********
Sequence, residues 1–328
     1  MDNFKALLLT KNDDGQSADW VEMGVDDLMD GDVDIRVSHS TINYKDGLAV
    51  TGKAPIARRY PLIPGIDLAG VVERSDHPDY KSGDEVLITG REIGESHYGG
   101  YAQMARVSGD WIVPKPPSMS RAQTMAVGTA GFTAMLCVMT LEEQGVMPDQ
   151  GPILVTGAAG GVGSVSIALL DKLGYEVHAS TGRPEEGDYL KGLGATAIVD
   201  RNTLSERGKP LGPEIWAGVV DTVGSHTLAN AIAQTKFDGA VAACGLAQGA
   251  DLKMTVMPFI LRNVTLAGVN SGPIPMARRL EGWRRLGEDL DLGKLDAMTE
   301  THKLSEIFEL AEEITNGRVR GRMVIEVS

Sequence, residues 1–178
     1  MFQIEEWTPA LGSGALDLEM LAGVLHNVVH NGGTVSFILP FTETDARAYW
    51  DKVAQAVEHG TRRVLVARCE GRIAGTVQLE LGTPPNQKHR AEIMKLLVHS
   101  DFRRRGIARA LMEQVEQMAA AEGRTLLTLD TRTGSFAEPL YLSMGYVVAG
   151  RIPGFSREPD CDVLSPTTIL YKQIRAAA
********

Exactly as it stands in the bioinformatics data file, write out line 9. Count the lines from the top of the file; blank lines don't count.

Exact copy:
Sequence, residues 1–178